The strain in the strained layer may be introduced by compositional or structural differences between sublayers that are successively deposited (e.g., by chemical vapor deposition) so as to be in contact with each other. For example, adjacent contacting sublayers (e.g., top and bottom sublayers) may be formed with different lattice parameters and/or with different stoichiometries. To facilitate rolling up upon release from an underlying sacrificial layer 145 deposited on a substrate 150, the top sublayer 140a may may have a smaller lattice parameter than the bottom sublayer 140b, as shown schematically in FIG. 1A. In such a circumstance, the top sublayer 140a comprises a residual tensile stress, and the bottom sublayer 140b comprises a residual compressive stress. The residual stress profile in the sublayers 140a,140b may be reversed (compressive on top; tensile on bottom) in order to have the rolling proceed downward, instead of upward, which is possible for any of the embodiments described herein. It is also possible that a single layer may be formed with appropriate compositional and/or structural gradients across the layer to produce the desired stress profile in the strained layer. SiNx films deposited by PECVD may differ from single crystal films in that internal strain may be developed not by crystal lattice mismatch but rather by density differences and thermal mismatch achieved by appropriate deposition conditions. In one example, an oppositely strained SiNx bilayer may be deposited successively with low frequency (375 kHz, compressive strain) and high frequency (13.56 MHz, tensile strain) PECVD conditions.

It has been demonstrated experimentally that thin films deposited by different methods or under different conditions may provide a strained layer having adjustable values of residual stress in a wide range, such as from 478 to −1100 MPa for silicon nitride (SiNx) and from greater than 1000 MPa to less than −1000 MPa for metal thin films on SiO2, where positive values of residual stress correspond to tensile stresses, and negative values correspond to compressive stresses. By carefully designing the residual stress mismatch in each sublayer, it is possible to generate a large enough driving force to overcome resistance and to continue rolling over a long enough distance to form as many turns as needed. To create a higher residual stress mismatch during deposition of the strained SiNx layers, for example, and thus a smaller tube diameter, the PECVD environment may be changed by adjusting a ratio of the SiH4 flow rate to the NH3 flow rate or by optimizing the power of the RF source. As long as the thin sheet or membrane is strained and can be released from the underlying substrate, rolled-up 3D architectures may form spontaneously with simple planar processing. The concept has been demonstrated for compound and elemental semiconductor material systems as well metal and dielectric materials, such as silicon nitride.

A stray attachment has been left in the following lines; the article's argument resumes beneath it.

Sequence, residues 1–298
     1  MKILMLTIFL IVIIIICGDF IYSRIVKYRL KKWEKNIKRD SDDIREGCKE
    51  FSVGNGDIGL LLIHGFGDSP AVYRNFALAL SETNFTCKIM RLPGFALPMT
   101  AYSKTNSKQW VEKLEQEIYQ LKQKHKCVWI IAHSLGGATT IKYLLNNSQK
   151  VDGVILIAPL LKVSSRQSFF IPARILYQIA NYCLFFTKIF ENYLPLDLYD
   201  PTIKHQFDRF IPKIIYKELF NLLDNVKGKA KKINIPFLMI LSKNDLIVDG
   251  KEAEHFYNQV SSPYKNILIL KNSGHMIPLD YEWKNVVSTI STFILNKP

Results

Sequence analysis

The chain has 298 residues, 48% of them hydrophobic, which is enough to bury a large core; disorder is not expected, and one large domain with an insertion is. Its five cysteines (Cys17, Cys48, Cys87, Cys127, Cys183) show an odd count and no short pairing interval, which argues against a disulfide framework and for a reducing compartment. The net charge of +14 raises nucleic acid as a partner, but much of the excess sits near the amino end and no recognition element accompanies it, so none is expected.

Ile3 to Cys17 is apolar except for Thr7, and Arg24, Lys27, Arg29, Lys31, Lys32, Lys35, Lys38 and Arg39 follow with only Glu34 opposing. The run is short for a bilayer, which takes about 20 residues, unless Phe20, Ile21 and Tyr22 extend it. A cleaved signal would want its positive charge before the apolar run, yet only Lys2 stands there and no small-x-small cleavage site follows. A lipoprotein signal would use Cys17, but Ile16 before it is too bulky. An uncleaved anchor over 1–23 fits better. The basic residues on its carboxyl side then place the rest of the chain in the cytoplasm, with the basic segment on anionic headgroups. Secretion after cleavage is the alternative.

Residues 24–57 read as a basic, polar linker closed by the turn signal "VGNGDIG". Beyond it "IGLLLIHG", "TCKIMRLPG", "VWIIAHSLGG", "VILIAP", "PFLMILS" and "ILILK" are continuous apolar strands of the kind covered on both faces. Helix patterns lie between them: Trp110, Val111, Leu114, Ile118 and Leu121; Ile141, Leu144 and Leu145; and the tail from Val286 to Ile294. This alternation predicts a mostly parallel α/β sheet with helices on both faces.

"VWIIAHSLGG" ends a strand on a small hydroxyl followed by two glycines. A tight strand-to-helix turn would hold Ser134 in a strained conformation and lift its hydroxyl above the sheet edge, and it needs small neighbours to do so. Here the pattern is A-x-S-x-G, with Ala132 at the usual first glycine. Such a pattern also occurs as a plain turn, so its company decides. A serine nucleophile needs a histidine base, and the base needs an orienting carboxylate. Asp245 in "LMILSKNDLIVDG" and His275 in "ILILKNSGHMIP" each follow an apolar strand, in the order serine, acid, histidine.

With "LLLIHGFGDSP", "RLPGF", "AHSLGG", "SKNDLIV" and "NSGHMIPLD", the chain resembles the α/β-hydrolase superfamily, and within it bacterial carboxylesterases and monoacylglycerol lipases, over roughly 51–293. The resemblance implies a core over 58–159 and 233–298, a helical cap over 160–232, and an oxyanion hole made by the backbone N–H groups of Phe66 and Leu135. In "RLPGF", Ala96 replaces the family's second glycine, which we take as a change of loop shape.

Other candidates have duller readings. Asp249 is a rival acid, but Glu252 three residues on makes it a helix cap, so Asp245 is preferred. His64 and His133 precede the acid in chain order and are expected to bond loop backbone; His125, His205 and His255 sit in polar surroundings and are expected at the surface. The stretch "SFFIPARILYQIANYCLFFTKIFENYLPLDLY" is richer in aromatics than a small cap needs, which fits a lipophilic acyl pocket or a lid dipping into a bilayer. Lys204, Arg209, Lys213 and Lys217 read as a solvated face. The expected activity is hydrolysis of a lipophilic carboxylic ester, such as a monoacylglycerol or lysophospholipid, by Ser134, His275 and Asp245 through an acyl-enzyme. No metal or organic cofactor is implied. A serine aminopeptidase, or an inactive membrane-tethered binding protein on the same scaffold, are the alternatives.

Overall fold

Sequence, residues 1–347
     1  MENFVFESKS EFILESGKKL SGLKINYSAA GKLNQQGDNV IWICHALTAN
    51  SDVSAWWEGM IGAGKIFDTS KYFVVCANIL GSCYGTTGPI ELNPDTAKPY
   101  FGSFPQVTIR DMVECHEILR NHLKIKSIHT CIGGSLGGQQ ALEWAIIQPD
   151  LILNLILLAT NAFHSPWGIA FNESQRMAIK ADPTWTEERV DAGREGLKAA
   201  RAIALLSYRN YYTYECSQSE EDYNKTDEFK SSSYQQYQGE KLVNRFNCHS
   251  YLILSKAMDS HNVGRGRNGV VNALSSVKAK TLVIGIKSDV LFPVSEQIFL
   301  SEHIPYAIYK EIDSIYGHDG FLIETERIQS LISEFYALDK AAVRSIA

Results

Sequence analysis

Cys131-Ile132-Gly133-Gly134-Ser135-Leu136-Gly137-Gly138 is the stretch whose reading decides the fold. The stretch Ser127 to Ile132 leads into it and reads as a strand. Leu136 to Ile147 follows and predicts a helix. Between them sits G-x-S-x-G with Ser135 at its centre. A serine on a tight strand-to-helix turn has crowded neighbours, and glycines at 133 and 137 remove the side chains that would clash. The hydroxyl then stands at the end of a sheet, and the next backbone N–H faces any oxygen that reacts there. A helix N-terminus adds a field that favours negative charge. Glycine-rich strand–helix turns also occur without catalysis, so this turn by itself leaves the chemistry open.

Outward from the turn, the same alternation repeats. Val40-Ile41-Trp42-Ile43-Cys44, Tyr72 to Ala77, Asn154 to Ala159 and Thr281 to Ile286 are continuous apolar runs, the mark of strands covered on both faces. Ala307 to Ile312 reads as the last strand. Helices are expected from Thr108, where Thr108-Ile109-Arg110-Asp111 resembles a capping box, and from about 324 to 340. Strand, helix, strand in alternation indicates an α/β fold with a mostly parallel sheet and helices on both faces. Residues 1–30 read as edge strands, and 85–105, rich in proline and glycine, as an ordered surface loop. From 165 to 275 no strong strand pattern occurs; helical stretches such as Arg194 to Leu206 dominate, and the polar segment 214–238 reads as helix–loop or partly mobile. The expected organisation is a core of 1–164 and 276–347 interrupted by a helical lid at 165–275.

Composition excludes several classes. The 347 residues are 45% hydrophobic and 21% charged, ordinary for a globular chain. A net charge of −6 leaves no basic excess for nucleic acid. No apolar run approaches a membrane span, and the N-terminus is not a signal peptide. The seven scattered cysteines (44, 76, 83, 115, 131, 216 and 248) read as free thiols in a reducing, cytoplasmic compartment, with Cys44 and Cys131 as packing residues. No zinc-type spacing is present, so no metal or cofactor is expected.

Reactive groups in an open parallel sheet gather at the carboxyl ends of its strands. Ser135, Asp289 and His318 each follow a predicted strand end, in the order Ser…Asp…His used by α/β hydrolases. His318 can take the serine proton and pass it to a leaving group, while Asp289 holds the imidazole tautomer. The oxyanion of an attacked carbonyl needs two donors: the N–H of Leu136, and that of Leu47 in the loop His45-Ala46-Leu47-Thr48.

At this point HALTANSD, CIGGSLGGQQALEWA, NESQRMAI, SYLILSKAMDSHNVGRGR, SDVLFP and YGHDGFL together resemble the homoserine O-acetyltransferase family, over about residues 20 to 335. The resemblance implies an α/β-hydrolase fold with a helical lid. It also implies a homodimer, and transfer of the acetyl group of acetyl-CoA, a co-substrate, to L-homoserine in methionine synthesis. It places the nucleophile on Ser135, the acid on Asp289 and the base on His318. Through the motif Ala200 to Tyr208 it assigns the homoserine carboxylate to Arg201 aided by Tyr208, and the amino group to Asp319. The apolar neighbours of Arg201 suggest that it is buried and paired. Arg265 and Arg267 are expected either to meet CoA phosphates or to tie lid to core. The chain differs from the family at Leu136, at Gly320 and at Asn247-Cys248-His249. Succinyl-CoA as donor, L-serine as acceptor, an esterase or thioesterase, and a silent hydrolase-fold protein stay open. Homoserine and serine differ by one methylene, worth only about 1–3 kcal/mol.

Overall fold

The first and second patterned conductive layers (which may be referred to collectively as “the patterned conductive layers”) may comprise one or more high conductivity materials selected from the group consisting of carbon, silver, gold, aluminum, copper, molybdenum, tungsten, zinc, palladium, platinum and nickel. The patterned conductive layers may be formed by depositing one or more high conductivity thin films on a substrate (e.g., a planar strained layer) by a method such as sputtering or evaporation, and then patterning the thin films using lithography and etching steps known in the art. Advantageously, the patterned conductive layers may be made as thick and smooth as possible to reduce the thin film or sheet resistivity without interfering with the rolling process. The sheet resistivity of the patterned conductive layers may have a significant impact on the performance and size of the rolled-up structure and thus may be kept as low as possible. For example, the sheet resistivity may be about 5 μohm·cm or less.

Each of the patterned conductive layers may have a different thickness and/or include one or more different high conductivity materials. For example, one or both of the patterned conductive layers may have a multilayer structure, such as a Ni—Au bilayer or a Ni—Au—Ni trilayer structure. In the trilayer example, the bottom layer may act as an adhesion layer, the middle layer may act as a conductive layer, and the top layer may act as a passivation/protection layer. Typically, adhesion and passivation layers have a thickness of from about 5-10 nm.

It is also contemplated that one or both of the patterned conductive layers may comprise a two-dimensional material, such as graphene or transition metal dichalcogenides, e.g., MoS2 MoSe2, WSe2 and/or WS2. Such two-dimensional materials can be viewed as free-standing atomic planes comprising just a single monolayer or a few monolayers of atoms. For example, the patterned conductive layers may comprise a few monolayers of graphene formed on a strained SiNx bilayer, or a single monolayer of graphene may be formed on hexagonal boron nitride, which may replace the strained SiNx bilayer. It is also contemplated that one or both of the patterned conductive layers may comprise carbon nanotubes (in the form of bundles or an array) that may be grown on, for example, a quartz substrate and then transferred to a strained SiNx bilayer for roll-up.

Typically, each patterned conductive layer has a thickness of at least about 5 nm, at least about 10 nm, at least about 20 nm, at least about 50 nm, at least about 70 nm, or at least about 90 nm. The thickness may also be about 300 nm or less, about 200 nm or less, about 150 nm or less, or about 100 nm or less. For example, the thickness may range from about 50 nm to about 250 nm, or from about 100 nm to about 200 nm. However, in some embodiments, such as those in which the conductive pattern layer comprises a two-dimensional material as discussed above, the thickness may be about 1 nm or less, down to a few monolayers or to one monolayer.